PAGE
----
For our summer vacation this year, my husband and I decided to explore the British Isles – to visit some of our favourite places – Dublin being one of them – we spent a very happy week there some years ago and promised ourselves then that we would return one day – and we did this year – taking in some of the places we missed on our last visit.



On our second day there, I found myself standing in front of Christchurch Cathedral. As I explored this ancient church, the foundation of which goes back to the year 1030, when the Viking King Sitruic Silkenbeard built the first church on this site. I recalled that on the 24th May 1487 this was the scene of the coronation of a young boy – who was the figurehead for the Yorkist Rebellion against Henry Tudor that ended with the Battle of Stoke Field – the last battle of the Wars of the Roses. This boy was to become known as Lambert Simnel but his real identity is to this day, the source of debate and controversy.

History (or should I say the Tudor propaganda machine) would have us believe that this was a farcical plot in favour of Edward, Earl of Warwick, son of George, Duke of Clarence the brother of Edward IV and Richard III – a youngster who was already imprisoned by Henry Tudor in the Tower of London. In his attempt to ridicule the rebellion Henry Tudor publicly paraded the poor lad at St Paul’s Cathedral. There can be little doubt that the Yorkists knew of young Warwick’s imprisonment – would they then have exposed their cause to immediate debunking? Furthermore, around that time at her Court in Mechlin, Margaret of Burgundy (elder sister of Edward and Richard) had under her protection another youngster whom she recognised as the son of her brother Clarence. Allegedly this boy was brought up in Ireland.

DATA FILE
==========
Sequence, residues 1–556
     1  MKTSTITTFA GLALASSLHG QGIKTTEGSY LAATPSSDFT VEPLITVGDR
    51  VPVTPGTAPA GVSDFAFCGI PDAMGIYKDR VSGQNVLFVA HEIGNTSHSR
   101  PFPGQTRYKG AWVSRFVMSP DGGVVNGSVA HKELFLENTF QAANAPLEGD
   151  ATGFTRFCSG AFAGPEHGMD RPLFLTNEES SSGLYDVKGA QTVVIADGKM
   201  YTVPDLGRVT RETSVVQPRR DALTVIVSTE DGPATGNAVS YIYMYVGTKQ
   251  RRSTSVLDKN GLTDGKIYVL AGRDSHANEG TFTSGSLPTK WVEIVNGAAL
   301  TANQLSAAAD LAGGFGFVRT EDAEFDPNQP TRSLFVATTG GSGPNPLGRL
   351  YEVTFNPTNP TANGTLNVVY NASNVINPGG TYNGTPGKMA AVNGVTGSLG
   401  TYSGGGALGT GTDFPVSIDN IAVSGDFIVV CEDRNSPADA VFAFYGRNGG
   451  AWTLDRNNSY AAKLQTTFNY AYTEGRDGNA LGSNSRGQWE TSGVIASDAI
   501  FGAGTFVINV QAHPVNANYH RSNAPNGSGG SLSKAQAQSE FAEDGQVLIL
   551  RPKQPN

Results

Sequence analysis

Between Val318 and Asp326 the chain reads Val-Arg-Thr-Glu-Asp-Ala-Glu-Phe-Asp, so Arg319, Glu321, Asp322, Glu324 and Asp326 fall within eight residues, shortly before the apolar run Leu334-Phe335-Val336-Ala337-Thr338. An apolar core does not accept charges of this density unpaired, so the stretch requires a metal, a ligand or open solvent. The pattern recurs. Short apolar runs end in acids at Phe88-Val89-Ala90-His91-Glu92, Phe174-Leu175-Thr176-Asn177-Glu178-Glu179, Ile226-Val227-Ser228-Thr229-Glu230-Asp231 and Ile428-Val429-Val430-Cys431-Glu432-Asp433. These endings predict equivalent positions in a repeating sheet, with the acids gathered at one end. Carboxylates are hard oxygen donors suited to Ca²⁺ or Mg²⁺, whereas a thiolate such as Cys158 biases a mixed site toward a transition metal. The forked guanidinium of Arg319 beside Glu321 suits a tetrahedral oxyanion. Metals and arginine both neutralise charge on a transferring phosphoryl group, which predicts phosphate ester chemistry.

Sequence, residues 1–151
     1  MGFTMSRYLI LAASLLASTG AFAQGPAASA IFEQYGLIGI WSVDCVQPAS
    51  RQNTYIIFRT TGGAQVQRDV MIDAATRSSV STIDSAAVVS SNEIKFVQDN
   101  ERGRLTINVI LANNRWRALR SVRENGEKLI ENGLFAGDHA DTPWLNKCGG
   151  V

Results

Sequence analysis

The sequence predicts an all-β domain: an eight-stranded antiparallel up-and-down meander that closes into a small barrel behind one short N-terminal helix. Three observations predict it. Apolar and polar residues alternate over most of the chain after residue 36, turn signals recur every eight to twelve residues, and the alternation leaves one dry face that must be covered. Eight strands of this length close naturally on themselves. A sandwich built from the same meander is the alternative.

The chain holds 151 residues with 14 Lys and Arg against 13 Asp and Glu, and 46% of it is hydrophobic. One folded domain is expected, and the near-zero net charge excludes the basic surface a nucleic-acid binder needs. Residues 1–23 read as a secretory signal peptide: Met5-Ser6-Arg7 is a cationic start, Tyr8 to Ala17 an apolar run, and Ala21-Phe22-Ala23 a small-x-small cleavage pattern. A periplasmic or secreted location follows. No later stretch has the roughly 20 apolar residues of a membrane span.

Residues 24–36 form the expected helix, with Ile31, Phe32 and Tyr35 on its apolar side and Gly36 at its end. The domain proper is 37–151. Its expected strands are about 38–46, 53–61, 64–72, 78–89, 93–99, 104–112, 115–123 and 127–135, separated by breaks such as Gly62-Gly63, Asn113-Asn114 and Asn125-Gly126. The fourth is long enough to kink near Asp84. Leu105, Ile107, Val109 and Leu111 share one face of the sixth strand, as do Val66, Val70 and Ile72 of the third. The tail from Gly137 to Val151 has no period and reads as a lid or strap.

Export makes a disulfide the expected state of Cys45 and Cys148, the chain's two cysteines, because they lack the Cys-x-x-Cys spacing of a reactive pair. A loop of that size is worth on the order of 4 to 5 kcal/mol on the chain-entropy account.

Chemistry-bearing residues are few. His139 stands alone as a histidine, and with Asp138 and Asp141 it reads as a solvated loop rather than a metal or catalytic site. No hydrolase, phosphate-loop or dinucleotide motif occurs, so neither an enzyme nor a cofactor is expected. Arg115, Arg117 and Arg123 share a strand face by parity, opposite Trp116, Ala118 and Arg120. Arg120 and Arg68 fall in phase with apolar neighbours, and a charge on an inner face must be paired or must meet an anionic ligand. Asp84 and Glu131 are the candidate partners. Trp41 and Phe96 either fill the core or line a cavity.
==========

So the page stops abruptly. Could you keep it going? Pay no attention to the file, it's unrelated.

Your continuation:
There exists a rather intriguing story that Clarence, convinced that Elizabeth Woodville had poisoned his wife and newly born son, made arrangements to smuggle his remaining children, Edward and Margaret, out of the country. A contemporary chronicle – The Annuls of Ulster, describe a young man exiled with the Earl of Kildare. Notably the Attainder against Clarence in 1478 charges him with trying to get his son out of the country – either to Ireland or Burgundy. Did he succeed after all? Serious doubt is cast on the Tudor assertion that the boy crowned in Dublin was a fraud also comes from within their own circle of supporters. Friar Bernard Andre – Tutor to Prince Arthur – writes in his ‘Life of Henry VII, ‘that the boy was widely accepted in Ireland by prudent men. So strong was this belief that many chose to even die for him.’ He also states that Henry Tudor sent a Herald who had served the Courts of both Edward IV and Richard who had returned to inform him that the boy had readily answered all questions posed to him. And then there was the boy captured at the Battle of Stoke Field. The Herald’s memoir (heralds were traditionally impartial – they reported on the fighting and decided on the victor – although this would of course be obvious) records that the boy delivered to Henry Tudor was actually named John (whoos name is in dede John).

Did the rebels manage to spirit young Edward/Lambert away to safety when defeat became obvious? Or was he killed in the fighting? Or was John another imposter, a random boy prepared to co-operate with Henry’s claims for a secure job in his kitchens?

One final interesting fact to emerge in the aftermath of the Battle of Stoke is that in 1489 Henry hosted the Irish Nobility in London in order to reassert his authority with the Irish. At dinner he had Lambert/John serve them wine. Not one of them recognised him – the boy supposedly taken prisoner at Stoke Field. They had to be told that the person serving them was the boy whose coronation they had all attended only two years earlier. Did Henry’s action backfire on him? Was this not the boy whom they had crowned as their king. Was that boy to re-emerge a few laters as Perkin Warbeck?

A Dublin Link to The Wars of the Roses

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